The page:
Having tested all of these top-power brakes personally, I wouldn’t say that one is necessarily better than the other. They function in different ways to provide predictable slowing forces that give riders the confidence to use them less, and it’s up to the individual to decide which one best suits their needs. For anyone who often rides gravity trail as fast as they can, brakes are one component that’s worth spending a little extra cash on. Fortunately, we have loads of in-depth reviews to help that decision along.
So, once folks purchase a max-power set of stoppers how do those components help them ride faster? For starters, when riding new or lesser-known trails fast we will encounter unexpected obstacles and features that require split second decisions. If I see a helmet-sized stone in the middle of a turn I will need to immediately decide if I can hop over it or hit the brakes to redirect and get around it. Once that decision is made I need to trust that my brakes have the power and predictable functionality to work exactly as they always have, without additional thought or decision making.
The above is a fairly mild “emergency braking” scenario, and the stakes only escalate from there. Imagine that mid-turn rock is a six foot deep drop and you don’t know what the landing looks like. While you can usually slow down and take a peek, there will be times when powerful brakes make the difference between that pause-and-peek or a nasty dirt-nap.
On fall lines and otherwise wall-shaped, steep tracks, braking power coupled with good traction from your tires and suspension are the main factors allowing you to steer and scrub what little speed you can to stay in control. Provided your cockpit and brakes are properly set up, and you have the requisite fitness, a top notch pair of brakes will allow you to ride a 10-20 minute steep and rowdy descent without unnecessary hand or forearm pain. Without that pain, you won’t be worried about your grip strength diminishing, and you will be able to ride faster with more confidence as a result. The YT Jeffsy Base, mentioned above, is fully capable of steep and rowdy riding, but its stock brakes are not.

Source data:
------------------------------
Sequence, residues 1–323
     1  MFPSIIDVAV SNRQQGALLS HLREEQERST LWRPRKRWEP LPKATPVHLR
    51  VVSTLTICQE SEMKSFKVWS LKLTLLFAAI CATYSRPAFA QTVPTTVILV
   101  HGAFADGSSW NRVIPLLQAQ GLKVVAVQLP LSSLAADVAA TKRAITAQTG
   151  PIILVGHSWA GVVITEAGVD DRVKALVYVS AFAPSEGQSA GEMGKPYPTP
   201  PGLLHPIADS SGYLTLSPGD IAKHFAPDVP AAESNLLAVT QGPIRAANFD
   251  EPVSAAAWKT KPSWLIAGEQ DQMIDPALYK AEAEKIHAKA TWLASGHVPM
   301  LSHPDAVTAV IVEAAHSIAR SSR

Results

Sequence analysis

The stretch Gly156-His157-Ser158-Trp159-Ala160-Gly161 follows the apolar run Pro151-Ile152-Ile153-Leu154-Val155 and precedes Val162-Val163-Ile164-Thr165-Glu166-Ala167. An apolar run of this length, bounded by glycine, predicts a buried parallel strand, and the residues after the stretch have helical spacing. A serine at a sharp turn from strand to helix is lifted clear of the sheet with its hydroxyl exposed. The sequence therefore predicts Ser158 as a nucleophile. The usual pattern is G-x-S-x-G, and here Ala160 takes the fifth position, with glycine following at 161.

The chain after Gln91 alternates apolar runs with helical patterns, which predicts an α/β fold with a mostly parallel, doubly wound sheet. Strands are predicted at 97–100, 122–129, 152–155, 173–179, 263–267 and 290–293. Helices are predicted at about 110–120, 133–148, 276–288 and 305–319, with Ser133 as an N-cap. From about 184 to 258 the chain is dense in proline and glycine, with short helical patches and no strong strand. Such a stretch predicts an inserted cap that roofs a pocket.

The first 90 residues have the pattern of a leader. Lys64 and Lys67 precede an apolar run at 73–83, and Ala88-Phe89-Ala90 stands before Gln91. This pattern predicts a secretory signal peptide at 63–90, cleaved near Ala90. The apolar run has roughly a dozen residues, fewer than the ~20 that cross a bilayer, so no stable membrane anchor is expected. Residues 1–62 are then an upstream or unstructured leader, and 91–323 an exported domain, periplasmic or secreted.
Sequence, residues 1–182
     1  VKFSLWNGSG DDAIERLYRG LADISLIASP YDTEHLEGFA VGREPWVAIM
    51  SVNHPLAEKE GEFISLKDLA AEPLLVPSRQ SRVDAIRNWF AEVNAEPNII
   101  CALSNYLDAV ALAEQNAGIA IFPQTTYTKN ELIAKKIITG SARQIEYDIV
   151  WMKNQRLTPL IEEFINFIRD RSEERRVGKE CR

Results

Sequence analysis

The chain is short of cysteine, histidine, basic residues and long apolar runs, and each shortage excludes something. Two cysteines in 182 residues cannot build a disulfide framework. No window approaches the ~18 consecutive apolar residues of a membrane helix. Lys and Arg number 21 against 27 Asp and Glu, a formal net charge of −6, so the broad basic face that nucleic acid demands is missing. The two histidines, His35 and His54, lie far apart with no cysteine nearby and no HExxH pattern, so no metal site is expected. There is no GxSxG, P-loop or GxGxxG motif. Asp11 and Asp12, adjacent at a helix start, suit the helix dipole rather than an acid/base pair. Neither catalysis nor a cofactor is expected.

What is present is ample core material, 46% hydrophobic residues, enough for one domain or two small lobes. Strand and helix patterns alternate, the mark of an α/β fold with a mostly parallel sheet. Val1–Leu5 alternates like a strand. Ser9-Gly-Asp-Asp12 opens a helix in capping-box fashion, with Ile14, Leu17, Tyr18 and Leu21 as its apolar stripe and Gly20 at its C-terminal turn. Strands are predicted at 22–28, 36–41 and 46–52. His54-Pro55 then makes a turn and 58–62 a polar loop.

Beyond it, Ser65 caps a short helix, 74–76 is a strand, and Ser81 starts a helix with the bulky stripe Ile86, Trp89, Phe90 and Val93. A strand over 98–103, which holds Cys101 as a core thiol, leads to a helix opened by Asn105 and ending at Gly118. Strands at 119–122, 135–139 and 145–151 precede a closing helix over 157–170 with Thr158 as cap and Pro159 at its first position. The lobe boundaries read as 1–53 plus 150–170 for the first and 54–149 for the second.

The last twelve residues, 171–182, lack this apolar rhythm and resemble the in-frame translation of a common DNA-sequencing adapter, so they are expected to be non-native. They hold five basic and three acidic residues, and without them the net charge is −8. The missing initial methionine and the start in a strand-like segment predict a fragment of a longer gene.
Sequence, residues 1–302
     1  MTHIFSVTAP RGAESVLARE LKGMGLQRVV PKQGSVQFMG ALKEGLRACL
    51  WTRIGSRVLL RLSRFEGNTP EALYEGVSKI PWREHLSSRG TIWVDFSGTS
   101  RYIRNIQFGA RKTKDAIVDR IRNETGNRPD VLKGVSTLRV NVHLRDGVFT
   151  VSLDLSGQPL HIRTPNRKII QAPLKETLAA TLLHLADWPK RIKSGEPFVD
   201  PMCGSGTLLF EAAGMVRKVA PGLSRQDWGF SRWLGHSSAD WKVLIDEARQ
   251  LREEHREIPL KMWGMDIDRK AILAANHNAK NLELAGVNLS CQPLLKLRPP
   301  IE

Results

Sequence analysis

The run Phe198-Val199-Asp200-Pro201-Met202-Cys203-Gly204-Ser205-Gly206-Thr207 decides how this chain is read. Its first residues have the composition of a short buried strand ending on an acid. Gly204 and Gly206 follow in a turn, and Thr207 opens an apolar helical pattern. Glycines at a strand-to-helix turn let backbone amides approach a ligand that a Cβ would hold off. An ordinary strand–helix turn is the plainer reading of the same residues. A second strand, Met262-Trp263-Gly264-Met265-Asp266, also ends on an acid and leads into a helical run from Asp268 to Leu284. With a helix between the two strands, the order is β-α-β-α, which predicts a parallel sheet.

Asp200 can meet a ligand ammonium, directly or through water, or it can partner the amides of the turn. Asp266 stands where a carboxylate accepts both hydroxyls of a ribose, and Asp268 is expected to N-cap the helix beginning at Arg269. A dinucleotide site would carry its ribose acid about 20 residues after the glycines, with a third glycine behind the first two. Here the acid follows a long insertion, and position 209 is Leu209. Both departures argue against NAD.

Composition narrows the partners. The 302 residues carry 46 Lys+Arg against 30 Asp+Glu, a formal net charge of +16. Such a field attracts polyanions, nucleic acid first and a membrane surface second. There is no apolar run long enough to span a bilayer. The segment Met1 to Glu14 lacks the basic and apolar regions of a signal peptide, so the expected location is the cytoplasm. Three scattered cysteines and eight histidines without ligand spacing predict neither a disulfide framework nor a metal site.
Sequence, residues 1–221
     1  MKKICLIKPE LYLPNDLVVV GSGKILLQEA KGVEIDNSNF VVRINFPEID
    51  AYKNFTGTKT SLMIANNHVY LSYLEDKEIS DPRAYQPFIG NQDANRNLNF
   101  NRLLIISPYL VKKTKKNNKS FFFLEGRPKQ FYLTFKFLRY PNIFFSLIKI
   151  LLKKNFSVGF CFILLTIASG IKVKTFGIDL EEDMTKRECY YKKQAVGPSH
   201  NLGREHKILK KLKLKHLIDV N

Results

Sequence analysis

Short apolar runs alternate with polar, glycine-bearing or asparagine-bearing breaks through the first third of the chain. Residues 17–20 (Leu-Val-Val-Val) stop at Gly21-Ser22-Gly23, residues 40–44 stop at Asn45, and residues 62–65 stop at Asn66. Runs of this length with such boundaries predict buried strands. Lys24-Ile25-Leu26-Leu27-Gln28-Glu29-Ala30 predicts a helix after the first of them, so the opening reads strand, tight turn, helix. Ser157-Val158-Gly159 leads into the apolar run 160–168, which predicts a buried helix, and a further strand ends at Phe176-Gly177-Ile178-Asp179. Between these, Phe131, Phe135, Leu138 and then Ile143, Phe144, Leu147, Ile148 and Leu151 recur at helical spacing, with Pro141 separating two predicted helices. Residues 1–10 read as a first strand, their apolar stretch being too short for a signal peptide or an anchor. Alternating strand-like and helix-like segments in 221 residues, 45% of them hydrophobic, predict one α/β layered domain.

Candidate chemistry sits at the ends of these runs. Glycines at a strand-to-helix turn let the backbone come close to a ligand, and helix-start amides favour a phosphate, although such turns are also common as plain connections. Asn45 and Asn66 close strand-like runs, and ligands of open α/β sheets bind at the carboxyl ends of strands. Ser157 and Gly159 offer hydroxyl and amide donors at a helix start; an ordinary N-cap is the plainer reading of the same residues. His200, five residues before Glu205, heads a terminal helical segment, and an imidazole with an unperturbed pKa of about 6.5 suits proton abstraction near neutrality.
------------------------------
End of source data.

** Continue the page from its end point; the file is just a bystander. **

Endo-turns or nose presses are another crucial moment where powerful brakes will shine brightly. When a switchback is too sharp to simply ride, the options are to get off and turn the bike, or pivot the frame on the front wheel. With predictable brakes and a little practice this maneuver can be relatively simple and efficient. Some pro riders who truly trust the power of their calipers can even nose-press without slowing down much. They feather the front brake power all the way through the turn without stopping the front tire’s forward motion. While we don’t all need to master the single-wheel switchback, good brakes do make it a lot easier to try.
One of the most crucial use cases for motorcycle-stopping brake power is in “on-sight” enduro racing, when athletes are trying to achieve the fastest run possible on a track they have not yet ridden. The winners keep the throttle cracked wide open, and trust that their brakes, traction, and skills will save them from the uncertain. The brakes are a load-bearing leg on that stool of confidence, and without them, the skills and traction suffer. Put as plainly as possible, winners can ride faster because they have powerful brakes.
FInally, if you ride with a trail dog, you know you need good brakes. An errant squirrel could catch their eye at any moment, and in front of the bike they will dart. Even the most well trained canine can be thrown off their game by a fun snack.
Do you have a story of your disc brakes saving the day or shaving time off the clock? Please share it with our community below. In the mean time, “Se sei incerto, tieni aperto.”